Meditation Monday: Transformation on Death Row

I recently read an article by Shane Claiborne that begins with these striking words, “It’s the first time I’ve counted down the days to a friend’s execution. Unless there is a miracle from God or compassion from the state’s governor, Tennessee will kill Don Johnson by lethal injection on May 16.” Shane goes on the explain about his friendship with Don that developed over the past five years of visiting him in prison. Don Johnson is on death row for the murder of his wife Connie Johnson in 1984. As the article succinctly and powerfully states, “Don’s guilt was never in question for me. But neither was his redemption.” Don Johnson became a Christian and a pastor while on death row. His ministry has impacted the lives of inmates, correctional officers, and staff at the prison. But the most powerful witness of Christ’s transforming power is in Don’s relationship with his daughter,

After losing her mom at the age of 7, she became a champion for the death penalty, especially when it came to the execution of her dad. She wanted him dead. She hated him. The death penalty seemed like justice, at first. Cynthia eventually found that her hatred was not hurting him, but it was killing her. She found herself in a prison of her own anger and resentment, confined, in her words, “to my own internal house of hell.” The justice she sought turned out to be revenge…She forgave her dad, not so he could sleep at night but so that she could sleep at night. Now she is fighting to save his life.Cynthia is fighting for alternatives to the death penalty – for her dad, and for everyone else. Despite its promises of closure and justice, the death penalty extends trauma, exacerbates wounds and creates a whole new set of victims, something Cynthia knows all too well.

The death penalty is wrong on many levels including the likelihood of executing innocent people as shown by recent exonerations of convicted people after years on death row. Even when guilt is not in doubt, the death penalty is applied unfairly based on race and economic condition. But most importantly as Shane Claiborne’s article cleary shows, the death penalty is a refusal to recognize the possibility and reality of redemption, transformation, and rehabilitation. For those of us who believe in the power of God to bring new life, we do not believe that God’s power stops outside the prison walls or even outside death row. Please pray this week for Don Johnson’s life to be spared and that our country will abolish the death penalty. If you want to read the full article by Shane Claiborne click here.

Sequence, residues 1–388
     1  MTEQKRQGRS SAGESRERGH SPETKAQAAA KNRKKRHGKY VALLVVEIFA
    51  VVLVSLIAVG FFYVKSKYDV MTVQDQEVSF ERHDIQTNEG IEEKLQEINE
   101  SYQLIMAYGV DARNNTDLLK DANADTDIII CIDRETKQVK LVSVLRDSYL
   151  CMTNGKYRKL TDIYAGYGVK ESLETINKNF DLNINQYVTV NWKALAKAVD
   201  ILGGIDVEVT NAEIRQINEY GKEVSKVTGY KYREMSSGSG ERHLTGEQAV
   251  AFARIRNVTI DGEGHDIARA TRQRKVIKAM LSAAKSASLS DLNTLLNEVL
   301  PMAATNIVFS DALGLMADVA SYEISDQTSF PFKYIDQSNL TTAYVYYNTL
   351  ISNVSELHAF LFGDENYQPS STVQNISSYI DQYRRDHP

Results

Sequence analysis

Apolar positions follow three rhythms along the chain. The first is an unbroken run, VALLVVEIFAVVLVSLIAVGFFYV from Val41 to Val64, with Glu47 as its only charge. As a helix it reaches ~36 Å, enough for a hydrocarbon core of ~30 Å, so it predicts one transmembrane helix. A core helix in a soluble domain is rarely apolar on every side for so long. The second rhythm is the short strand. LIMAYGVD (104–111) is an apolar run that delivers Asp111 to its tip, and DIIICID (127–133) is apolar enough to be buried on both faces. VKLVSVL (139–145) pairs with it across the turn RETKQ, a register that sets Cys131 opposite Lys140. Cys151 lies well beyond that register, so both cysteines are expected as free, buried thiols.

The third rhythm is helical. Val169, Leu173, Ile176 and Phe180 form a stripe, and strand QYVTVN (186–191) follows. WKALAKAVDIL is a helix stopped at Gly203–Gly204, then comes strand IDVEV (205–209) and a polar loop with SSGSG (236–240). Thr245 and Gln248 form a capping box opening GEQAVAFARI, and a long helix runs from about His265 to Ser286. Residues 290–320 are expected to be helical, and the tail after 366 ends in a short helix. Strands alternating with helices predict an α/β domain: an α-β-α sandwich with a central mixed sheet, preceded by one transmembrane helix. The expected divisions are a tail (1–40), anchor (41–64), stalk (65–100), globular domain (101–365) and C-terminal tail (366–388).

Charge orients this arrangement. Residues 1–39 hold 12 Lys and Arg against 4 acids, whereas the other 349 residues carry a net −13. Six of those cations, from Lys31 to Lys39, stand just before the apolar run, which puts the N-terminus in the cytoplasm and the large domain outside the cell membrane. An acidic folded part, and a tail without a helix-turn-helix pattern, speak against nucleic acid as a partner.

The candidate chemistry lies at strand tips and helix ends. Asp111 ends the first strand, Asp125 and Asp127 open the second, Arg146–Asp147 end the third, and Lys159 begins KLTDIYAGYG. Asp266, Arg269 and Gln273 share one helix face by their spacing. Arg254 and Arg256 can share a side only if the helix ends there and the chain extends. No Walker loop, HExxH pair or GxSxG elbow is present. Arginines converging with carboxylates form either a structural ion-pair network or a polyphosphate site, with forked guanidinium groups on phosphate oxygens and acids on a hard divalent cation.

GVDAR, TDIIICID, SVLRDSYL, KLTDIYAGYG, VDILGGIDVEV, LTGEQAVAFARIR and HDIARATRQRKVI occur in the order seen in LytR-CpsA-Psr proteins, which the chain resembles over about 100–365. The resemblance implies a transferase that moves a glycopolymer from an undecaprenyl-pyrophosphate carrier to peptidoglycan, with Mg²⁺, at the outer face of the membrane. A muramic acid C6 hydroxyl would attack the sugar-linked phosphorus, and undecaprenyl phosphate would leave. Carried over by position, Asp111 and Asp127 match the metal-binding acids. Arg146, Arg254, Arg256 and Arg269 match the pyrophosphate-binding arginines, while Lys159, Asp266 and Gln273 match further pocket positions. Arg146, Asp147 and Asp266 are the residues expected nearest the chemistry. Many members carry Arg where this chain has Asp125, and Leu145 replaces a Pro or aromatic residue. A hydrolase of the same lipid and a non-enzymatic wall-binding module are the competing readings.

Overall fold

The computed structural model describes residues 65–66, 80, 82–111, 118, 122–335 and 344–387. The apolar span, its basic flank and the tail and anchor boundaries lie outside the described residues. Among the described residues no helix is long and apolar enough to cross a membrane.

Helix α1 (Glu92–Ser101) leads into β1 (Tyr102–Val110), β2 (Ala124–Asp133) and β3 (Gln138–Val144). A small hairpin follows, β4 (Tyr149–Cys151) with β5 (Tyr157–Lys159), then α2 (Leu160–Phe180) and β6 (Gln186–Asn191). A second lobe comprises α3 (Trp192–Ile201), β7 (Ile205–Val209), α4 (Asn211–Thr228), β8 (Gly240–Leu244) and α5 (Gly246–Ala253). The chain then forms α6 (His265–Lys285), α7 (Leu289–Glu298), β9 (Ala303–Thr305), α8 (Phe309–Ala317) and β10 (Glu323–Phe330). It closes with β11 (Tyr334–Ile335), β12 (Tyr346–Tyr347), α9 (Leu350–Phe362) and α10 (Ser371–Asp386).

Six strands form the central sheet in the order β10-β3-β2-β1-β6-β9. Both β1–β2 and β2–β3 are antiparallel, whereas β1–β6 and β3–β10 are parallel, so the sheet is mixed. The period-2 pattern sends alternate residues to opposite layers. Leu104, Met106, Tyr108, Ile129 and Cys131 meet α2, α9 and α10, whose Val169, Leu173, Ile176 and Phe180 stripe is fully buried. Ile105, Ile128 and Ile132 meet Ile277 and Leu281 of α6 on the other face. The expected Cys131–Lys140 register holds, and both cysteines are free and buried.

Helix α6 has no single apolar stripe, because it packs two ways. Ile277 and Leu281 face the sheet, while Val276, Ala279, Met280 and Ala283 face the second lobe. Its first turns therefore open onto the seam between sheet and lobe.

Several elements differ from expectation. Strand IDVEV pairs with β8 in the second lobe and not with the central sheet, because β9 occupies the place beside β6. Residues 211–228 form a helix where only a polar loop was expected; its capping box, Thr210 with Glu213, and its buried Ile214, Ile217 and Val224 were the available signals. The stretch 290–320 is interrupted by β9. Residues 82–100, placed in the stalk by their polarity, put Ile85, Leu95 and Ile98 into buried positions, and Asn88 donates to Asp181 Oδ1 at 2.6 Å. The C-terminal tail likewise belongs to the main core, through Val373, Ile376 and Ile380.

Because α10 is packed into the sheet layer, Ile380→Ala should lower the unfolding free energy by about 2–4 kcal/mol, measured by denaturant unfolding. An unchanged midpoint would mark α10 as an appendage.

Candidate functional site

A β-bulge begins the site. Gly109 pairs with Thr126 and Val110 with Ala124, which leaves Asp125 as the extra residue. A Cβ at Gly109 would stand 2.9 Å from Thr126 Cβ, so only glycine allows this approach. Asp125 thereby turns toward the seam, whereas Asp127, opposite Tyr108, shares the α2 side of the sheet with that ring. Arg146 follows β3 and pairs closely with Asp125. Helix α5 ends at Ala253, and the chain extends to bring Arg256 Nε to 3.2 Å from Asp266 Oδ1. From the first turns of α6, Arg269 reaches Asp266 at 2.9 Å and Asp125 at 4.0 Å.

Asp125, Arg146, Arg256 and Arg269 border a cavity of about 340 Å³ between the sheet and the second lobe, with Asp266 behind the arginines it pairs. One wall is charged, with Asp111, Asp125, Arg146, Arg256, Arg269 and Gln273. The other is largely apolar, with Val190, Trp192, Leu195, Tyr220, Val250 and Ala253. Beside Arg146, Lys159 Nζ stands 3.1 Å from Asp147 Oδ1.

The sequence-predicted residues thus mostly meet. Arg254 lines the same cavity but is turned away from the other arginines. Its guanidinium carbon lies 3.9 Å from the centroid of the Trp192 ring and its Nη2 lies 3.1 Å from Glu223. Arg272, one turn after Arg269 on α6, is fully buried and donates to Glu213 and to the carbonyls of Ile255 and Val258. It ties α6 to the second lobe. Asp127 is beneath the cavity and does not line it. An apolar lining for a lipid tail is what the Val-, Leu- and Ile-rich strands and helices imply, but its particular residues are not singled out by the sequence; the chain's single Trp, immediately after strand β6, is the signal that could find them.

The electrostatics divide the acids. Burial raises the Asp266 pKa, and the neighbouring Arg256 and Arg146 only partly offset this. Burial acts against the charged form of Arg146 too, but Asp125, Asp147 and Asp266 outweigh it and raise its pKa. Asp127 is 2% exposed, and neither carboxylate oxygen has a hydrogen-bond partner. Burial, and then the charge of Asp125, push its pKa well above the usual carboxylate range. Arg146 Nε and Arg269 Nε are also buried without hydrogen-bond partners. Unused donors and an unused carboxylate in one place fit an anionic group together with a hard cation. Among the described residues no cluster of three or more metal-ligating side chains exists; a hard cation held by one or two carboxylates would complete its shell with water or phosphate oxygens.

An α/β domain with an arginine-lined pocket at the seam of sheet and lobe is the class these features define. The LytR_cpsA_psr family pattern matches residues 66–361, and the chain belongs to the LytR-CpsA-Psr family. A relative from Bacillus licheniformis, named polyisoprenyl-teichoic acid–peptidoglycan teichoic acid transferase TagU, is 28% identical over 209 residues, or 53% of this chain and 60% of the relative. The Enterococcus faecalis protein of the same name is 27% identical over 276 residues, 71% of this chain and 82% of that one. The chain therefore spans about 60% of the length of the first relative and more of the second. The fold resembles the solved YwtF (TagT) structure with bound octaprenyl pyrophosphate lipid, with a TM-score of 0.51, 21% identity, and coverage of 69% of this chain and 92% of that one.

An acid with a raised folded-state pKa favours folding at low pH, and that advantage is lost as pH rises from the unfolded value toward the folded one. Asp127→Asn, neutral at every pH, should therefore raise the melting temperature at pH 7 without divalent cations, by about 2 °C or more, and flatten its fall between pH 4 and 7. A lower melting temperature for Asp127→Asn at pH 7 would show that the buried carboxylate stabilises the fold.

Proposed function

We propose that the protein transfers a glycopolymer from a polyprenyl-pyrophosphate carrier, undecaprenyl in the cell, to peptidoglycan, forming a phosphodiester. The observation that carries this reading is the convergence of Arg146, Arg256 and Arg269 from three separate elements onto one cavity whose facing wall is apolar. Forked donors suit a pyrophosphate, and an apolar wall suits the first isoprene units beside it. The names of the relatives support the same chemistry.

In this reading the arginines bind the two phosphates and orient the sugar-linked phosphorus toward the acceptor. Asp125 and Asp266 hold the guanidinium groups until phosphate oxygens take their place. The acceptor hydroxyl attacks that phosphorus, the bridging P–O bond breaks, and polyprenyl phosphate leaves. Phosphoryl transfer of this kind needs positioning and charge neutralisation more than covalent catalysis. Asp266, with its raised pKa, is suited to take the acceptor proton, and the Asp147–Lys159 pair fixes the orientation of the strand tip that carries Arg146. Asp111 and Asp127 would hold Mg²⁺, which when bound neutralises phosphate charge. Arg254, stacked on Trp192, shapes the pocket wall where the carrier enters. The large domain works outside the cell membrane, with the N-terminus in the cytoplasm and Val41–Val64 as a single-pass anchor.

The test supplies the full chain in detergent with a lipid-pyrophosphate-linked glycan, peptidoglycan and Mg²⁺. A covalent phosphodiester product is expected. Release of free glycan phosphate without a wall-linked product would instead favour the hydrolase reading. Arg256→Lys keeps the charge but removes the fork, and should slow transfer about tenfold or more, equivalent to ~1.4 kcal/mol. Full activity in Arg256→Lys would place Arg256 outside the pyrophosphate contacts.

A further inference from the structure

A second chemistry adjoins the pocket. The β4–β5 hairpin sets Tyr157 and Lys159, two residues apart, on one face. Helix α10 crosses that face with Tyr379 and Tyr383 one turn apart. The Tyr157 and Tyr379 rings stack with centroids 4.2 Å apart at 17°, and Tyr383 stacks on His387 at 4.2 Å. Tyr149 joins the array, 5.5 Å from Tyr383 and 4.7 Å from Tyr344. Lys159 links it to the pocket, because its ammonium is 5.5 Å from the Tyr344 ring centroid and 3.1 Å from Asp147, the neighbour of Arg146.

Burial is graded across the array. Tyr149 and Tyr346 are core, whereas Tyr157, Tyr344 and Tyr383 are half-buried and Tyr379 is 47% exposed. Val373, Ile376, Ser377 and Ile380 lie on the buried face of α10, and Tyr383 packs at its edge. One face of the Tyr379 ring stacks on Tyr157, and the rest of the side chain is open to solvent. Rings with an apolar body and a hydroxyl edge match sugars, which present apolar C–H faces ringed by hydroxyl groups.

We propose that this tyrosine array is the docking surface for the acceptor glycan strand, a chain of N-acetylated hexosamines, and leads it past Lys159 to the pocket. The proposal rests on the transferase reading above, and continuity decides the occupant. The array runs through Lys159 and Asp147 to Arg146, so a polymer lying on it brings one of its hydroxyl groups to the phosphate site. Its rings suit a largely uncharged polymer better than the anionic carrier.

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In this Oct. 13, 1999, file photo, Ricky Bell, left, then the warden at Riverbend Correctional Facility in Nashville, Tenn., gives a tour of the prison’s execution chamber. (AP Photo/Mark Humphrey, File)

Meditation Monday: D-Day in May

The first week in May is an annual reminder of what became known in the civil rights movement as D-Day, May 2, 1963. This was the first day of the “Children’s Crusade” in which thousands of elementary through high school aged children participated in non-violent direct action during the Birmingham campaign to desegregate public accommodations. Most Americans have seen images of police dogs and fire hoses used against the protesters. What many people do not know or realize is that this violent response by those wanting to maintain segregation was directed mostly at children. By remaining non-violent in the face of oppression and arrest, the images struck the conscience of the nation and resulted in changes to legal segregation laws that were seen as a permanent “way of life’ in Birmingham. The non-violent training and spiritual foundation for the witness of the children and adults in the Birmingham campaign was summarized in a commitment card that each person signed before participating in any direct action. In his book Why We Can’t Wait about the pivotal year of 1963, Dr. Martin Luther King Jr. included a copy of that card. Here are the commitments they made then and that still serve as a foundation for Christian faith-based witness for justice today: